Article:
Gut health for mental health

How do I improve gut health for mental health?

Registered Nutritionist Ceri Ball delves into the science behind the gut-microbiota-brain axis.
Caitlin Hall
by Ceri Ball
BSc qualified Nutritionist (BANT) specialising in Women’s health, Gastrointestinal Health, Mood, Energy Support and Weight Management.

Both mental health and gut health seem to be much-talked about health topics, and although there is still much to discover within the realm of nutrition psychiatry, it is an extremely exciting unfolding. But how exactly are the gut and brain linked? More importantly, how can we improve gut health for mental health?

What is the gut-brain axis?

A concept that many have heard is ‘Mood Food’ which describes how the food we eat affects our mood. Our gut-microbiota-brain connection plays a key role in this exchange.

Over the last decade or so, this fascinating connection has acquired an important position in science. The gut-microbiota-brain axis is a dynamic matrix of tissues and organs, including the brain, glands, immune cells, and of course, the gut microbiota – consisting of a huge family of bacteria, fungi and archaea that live throughout our gastrointestinal tract. 

Communication between the gut- brain-axis (GBA) is a complex bidirectional affair via the wondrous vagus nerve, which is the longest and most widely distributed nerve within the body; think of it as the telephone line between the GBA, which comprises a vast neuronal network found within the gut which enables this cross talk.  The GBA connection links your central nervous system (CNS), including your brain, with the Enteric Nervous System (ENS) within your gut.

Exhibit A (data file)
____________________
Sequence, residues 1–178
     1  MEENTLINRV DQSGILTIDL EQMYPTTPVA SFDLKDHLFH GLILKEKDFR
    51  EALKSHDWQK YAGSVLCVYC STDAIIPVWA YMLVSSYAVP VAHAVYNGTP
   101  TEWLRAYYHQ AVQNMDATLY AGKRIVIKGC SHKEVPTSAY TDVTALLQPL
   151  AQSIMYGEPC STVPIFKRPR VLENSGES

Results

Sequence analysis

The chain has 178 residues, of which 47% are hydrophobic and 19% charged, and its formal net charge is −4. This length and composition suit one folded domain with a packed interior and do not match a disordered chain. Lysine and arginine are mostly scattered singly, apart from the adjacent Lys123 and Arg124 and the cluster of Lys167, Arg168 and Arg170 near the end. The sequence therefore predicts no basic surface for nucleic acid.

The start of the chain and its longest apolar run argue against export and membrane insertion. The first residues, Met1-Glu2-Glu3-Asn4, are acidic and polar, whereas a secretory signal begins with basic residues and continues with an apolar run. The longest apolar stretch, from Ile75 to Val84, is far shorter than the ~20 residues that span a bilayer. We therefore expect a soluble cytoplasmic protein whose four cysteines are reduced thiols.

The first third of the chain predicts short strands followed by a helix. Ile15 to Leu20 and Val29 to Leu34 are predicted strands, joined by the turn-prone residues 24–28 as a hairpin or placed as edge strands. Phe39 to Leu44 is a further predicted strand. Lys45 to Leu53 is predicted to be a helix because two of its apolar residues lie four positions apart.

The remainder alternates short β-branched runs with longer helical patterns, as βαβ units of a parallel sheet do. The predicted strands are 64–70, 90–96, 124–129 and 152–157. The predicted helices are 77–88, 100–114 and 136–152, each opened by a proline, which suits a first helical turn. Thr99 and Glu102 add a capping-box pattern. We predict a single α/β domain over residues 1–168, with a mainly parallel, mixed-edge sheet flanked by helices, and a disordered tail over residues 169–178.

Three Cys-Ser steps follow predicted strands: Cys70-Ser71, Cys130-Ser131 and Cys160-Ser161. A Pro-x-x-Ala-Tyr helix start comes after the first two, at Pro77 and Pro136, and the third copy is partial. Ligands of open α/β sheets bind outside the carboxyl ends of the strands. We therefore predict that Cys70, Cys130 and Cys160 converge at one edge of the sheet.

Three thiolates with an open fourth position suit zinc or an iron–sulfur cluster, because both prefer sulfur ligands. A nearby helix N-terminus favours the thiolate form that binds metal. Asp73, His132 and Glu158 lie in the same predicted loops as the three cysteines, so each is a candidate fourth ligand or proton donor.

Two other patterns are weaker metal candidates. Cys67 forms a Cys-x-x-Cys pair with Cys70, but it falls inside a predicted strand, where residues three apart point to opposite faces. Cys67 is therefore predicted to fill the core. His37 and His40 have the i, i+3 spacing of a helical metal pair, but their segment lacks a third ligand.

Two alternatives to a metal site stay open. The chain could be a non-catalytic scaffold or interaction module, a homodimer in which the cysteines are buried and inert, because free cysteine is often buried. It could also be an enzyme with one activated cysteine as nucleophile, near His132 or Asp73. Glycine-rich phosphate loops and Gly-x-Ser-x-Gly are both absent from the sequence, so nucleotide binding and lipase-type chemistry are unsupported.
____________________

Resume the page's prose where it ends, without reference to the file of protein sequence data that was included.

The emerging field of Nutritional Psychiatry has shown that imbalances to emotional health are mostly associated with hormones, neurotransmitters, microbiota, and micronutrients, coupled with imbalanced blood glucose, resulting in the production of the stress hormone, cortisol. Fortunately, lots can be done to nourish our brilliant brains and tired adrenal glands with targeted nutrition interventions offering support to these factors.  

How do I improve gut health for mental health?

Although research continues, some evidence suggests that owing to the intimate link between the GBA, a first and fundamental step is to feed and fuel the gut microbiota.

🍌 Fibre

Prebiotics are specific types of fibre that aren’t digestible by your body. They can be found in leeks, garlic, onions, oats, asparagus, and bananas.  These specific fibres help feed the beneficial gut bacteria and produce anti-inflammatory substances called short chain fatty acids (SCFAs) of which the most common types are butyrate, acetate, and propionate. 

🍶 Fermented foods

Other ways that may improve gut health is by increasing fermented food such as miso, sauerkraut, kimchi, kefir, kombucha. Fermented food contains live beneficial bacteria, which support the diversity of bacteria within the gut. 

🍣 Essential Fatty Acids, (EFAs)

Particularly omega 3 polyunsaturated fatty acids (PUFAS) found in oily fish, walnut, hemp, and chia seeds are beneficial for brain health and function. 


The SMILES trial, conducted in 2017, was a poignant study which found that those following a Mediterranean based diet,  experienced significant improvement in their mental wellbeing,  and although future human trials are necessary, overall, one of the best ways to support mental health via the gut is by eating a wide variety of plant based whole foods, including a bounty of vegetables, wholegrains, nuts and seeds, herbs, and spices.



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